"So who is the greatest biologist of all time? Good question. For most people it's got to be Darwin. I mean, Darwin is top dog, numero uno. He told us about evolution, he convinced us that evolution happened, and he gave us an explanation for it. I mean, there just wouldn't seem to be any competition. Okay, fine, well you might then say: Mendel. Mendel discovers transmission genetics, and that was pretty good. And I suppose then you have to go pretty far down the list to come to people like Watson and Crick, who just discovered the structure of DNA, which is just a bit of structural biology, really, a bit of biochemistry."
"Now we are starting to work with organisms that are more likely to appear in a hospital, like staph and influenza, and we have our sights on Clostridia difficile, Pneumococcus aeruginosa, Acetinobacter baumanii and an alarming number of other bacteria that are resistant to antibiotics. We are also working on influenza, which has a convenient little feature called M2e."
"The parasite my lab is beginning to focus on is one in the world of mammals, where parasites are changing mammalian behavior. It's got to do with this parasite, this protozoan called Toxoplasma. If you're ever pregnant, if you're ever around anyone who's pregnant, you know you immediately get skittish about cat feces, cat bedding, cat everything, because it could carry Toxo. And you do not want to get Toxoplasma into a fetal nervous system. It's a disaster."
"If we want to change the world, we need first to understand it. And when it comes to understanding human nature — male and female — Darwinian science is indispensable."
"Some people think today that it is impossible for a mindless process to produce evolution. ... It isn't. ...There may be an intelligent God hidden in the evolution process, but if so, he might as well be asleep, since there is no work for him to do!"
"...I want to engage you in a discussion of the deep history of beauty. By deep I mean as seen from an evolutionary perspective. I am an "evolutionary psychologist". I believe that to understand and fully appreciate human mental traits, we need to know why they are there — which is to say what biological function they are serving. Evolutionary psychology has been making pretty good progress. But, as we say, "there are still some elephants in the living room" — big issues that no one wants to talk about. And human beings worship of the beautiful remains one of the biggest."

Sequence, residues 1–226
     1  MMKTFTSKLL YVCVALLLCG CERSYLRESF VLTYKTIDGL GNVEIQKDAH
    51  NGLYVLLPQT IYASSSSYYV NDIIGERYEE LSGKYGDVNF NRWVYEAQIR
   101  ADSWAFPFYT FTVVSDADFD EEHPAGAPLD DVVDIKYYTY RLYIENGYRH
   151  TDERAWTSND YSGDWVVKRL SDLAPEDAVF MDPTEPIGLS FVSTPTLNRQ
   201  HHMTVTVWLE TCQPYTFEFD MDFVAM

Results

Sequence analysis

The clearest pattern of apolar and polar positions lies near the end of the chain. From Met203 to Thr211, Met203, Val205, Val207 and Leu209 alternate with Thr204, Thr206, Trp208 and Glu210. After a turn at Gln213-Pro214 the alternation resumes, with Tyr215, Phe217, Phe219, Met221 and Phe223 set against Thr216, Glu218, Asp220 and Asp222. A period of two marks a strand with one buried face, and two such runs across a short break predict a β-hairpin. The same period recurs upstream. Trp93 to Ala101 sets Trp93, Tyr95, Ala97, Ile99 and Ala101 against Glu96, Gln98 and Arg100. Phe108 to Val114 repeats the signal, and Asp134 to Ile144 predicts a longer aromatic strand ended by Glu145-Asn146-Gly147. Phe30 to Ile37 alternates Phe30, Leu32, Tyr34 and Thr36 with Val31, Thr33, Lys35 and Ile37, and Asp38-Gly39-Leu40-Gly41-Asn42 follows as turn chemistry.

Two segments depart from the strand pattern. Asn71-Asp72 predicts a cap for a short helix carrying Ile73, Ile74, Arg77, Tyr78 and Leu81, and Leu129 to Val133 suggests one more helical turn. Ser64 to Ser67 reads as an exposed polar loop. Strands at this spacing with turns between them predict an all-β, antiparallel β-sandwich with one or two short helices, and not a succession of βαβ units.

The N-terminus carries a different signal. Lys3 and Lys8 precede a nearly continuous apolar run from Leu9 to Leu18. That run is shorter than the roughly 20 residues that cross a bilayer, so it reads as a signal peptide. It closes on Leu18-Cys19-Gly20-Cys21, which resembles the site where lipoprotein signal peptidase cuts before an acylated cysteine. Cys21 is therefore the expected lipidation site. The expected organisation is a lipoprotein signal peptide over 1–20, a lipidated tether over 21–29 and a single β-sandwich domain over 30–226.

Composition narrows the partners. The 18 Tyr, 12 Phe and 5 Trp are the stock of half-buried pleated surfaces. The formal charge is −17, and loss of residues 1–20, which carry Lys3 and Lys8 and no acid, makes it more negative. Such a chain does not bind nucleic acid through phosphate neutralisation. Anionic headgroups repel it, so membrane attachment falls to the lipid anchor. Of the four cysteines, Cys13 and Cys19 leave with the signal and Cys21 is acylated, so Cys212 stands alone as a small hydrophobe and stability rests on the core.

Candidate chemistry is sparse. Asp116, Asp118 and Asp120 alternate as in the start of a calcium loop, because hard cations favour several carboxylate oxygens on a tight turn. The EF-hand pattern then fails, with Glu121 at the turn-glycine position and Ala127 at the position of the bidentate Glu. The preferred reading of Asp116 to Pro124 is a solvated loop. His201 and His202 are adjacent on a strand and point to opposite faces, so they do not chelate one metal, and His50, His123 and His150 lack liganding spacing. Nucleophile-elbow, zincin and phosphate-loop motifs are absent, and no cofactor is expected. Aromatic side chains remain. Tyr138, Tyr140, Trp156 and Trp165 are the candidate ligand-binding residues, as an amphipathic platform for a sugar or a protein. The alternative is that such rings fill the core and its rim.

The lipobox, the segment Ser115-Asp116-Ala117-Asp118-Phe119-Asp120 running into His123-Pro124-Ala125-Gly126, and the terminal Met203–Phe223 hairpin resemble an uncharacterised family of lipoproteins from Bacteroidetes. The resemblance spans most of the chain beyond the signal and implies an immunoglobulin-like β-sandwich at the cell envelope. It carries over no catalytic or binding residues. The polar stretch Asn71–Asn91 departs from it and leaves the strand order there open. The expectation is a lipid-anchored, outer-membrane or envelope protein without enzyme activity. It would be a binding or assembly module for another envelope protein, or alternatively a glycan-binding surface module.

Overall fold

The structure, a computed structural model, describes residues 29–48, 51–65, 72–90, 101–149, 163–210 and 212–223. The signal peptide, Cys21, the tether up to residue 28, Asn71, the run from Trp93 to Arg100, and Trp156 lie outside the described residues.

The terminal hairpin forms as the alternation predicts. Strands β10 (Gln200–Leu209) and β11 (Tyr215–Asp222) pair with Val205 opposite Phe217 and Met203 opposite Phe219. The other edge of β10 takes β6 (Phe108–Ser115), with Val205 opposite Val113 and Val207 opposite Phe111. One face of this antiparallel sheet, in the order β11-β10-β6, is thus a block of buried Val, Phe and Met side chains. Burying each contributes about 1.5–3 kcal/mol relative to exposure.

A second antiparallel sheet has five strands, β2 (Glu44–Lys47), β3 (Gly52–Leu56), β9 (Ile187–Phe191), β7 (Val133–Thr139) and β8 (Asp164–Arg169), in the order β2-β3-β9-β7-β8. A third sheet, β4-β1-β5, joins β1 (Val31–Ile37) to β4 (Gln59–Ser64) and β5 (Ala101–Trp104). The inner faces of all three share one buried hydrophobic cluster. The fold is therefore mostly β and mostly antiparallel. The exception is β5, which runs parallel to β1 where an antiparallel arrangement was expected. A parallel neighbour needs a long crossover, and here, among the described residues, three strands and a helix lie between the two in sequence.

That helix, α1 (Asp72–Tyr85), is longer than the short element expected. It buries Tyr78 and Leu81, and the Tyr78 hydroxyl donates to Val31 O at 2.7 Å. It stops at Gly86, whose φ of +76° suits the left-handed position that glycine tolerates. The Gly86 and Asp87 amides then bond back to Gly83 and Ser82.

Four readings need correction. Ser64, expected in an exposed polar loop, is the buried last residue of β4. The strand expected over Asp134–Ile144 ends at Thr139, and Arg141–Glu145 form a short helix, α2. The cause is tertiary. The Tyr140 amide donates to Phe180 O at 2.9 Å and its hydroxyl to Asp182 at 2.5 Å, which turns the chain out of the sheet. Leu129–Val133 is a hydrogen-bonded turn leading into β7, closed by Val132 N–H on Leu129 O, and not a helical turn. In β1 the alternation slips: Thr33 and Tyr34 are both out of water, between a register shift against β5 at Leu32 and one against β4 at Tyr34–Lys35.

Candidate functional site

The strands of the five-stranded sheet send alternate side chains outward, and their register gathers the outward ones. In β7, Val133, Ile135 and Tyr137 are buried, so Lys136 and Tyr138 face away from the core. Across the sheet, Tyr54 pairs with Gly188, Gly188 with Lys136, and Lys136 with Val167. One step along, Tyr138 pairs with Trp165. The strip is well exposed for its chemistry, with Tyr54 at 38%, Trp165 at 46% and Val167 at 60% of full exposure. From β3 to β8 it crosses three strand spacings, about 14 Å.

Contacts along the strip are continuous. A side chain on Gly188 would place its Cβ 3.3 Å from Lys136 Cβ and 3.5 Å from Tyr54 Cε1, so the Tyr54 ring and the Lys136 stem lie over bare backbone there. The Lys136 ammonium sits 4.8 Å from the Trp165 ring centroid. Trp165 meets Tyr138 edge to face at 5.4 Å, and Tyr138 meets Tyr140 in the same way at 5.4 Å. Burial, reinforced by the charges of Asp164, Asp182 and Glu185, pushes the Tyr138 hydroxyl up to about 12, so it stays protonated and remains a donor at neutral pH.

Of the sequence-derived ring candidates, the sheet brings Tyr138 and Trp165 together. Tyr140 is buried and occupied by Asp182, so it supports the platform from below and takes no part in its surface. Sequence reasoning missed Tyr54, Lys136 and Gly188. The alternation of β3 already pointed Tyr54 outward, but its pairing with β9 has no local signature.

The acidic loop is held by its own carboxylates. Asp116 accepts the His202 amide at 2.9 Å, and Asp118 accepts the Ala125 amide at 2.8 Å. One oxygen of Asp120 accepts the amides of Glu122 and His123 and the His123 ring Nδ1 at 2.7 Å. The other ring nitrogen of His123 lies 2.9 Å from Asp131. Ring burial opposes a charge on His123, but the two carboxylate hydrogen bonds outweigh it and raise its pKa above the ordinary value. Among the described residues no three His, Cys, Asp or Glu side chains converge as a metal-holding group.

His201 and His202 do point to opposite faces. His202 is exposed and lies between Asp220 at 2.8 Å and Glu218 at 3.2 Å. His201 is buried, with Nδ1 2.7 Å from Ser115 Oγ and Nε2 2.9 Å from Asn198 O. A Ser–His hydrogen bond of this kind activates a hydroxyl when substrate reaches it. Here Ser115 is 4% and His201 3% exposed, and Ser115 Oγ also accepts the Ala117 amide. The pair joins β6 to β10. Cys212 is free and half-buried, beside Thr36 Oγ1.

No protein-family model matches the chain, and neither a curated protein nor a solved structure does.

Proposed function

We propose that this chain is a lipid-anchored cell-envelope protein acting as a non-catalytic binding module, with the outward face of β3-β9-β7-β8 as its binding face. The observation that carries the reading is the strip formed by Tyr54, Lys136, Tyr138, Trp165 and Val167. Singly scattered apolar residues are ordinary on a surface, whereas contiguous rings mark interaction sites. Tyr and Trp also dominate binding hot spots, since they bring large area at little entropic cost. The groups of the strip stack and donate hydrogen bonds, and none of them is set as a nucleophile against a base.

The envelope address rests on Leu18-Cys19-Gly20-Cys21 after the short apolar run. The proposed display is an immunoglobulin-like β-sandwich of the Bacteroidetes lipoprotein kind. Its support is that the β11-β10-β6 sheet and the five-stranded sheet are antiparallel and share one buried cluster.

"Farming — a division of labour between humans and other species; Fossil fuels — a division of labour between humans and extinct species?"
From the Program Notes: "Our intention is to illuminate and discuss how Darwinian thought influenced the disciplines that focus on the study the individuals (biology, neuroscience, psychology); the individual within their social interactions (anthropology, sociology, economy, political science); and how these concepts pertain, in general, to a moral philosophy.
We wish to explore how, from Darwinian thought, there emerges a vision of what it is to be a human being. And that this vision is fundamental and coherent with the entire body of accumulated scientific knowledge. With reverence for the details of their application, it is the impact of Darwin's ideas that is the reason we are celebrating Darwin's anniversary."
"We've known for a long time that human children are the best learning machines in the universe. But it has always been like the mystery of the humming birds. We know that they fly, but we don't know how they can possibly do it. We could say that babies learn, but we didn't know how."
"One of the great thrusts of behavioral biology for the last three or four decades has been that if you change the conditions that an animal is in, then you change the kind of behavior that is elicited. What the genetic control of behavior means is not that instincts inevitably pop out regardless of circumstances; instead, it is that we are created with a series of emotions that are appropriate for a range of circumstances. The particular set of emotions that pop out will vary within species, but they will also vary with context, and once you know them better, then you can arrange the context.... It's much better to anticipate these things, recognize the problem, and design in advance to protect."